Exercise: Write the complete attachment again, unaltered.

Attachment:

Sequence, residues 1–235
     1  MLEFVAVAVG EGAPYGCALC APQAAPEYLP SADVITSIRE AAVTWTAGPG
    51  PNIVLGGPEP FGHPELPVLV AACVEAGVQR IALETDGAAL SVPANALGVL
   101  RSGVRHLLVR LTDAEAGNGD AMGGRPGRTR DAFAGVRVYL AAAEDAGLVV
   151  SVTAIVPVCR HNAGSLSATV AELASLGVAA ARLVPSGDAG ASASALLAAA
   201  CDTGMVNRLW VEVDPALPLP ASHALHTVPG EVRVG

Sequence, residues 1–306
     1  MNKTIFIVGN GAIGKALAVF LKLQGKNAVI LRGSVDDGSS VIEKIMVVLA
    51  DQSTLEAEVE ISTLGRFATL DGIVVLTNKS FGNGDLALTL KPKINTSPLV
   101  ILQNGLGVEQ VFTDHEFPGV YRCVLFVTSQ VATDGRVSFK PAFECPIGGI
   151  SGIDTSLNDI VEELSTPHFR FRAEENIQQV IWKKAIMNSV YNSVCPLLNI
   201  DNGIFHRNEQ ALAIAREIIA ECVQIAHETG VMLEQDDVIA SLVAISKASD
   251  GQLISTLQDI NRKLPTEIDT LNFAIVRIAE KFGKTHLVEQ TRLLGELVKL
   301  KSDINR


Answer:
Sequence, residues 1–235
     1  MLEFVAVAVG EGAPYGCALC APQAAPEYLP SADVITSIRE AAVTWTAGPG
    51  PNIVLGGPEP FGHPELPVLV AACVEAGVQR IALETDGAAL SVPANALGVL
   101  RSGVRHLLVR LTDAEAGNGD AMGGRPGRTR DAFAGVRVYL AAAEDAGLVV
   151  SVTAIVPVCR HNAGSLSATV AELASLGVAA ARLVPSGDAG ASASALLAAA
   201  CDTGMVNRLW VEVDPALPLP ASHALHTVPG EVRVG

Sequence, residues 1–306
     1  MNKTIFIVGN GAIGKALAVF LKLQGKNAVI LRGSVDDGSS VIEKIMVVLA
    51  DQSTLEAEVE ISTLGRFATL DGIVVLTNKS FGNGDLALTL KPKINTSPLV
   101  ILQNGLGVEQ VFTDHEFPGV YRCVLFVTSQ VATDGRVSFK PAFECPIGGI
   151  SGIDTSLNDI VEELSTPHFR FRAEENIQQV IWKKAIMNSV YNSVCPLLNI
   201  DNGIFHRNEQ ALAIAREIIA ECVQIAHETG VMLEQDDVIA SLVAISKASD
   251  GQLISTLQDI NRKLPTEIDT LNFAIVRIAE KFGKTHLVEQ TRLLGELVKL
   301  KSDINR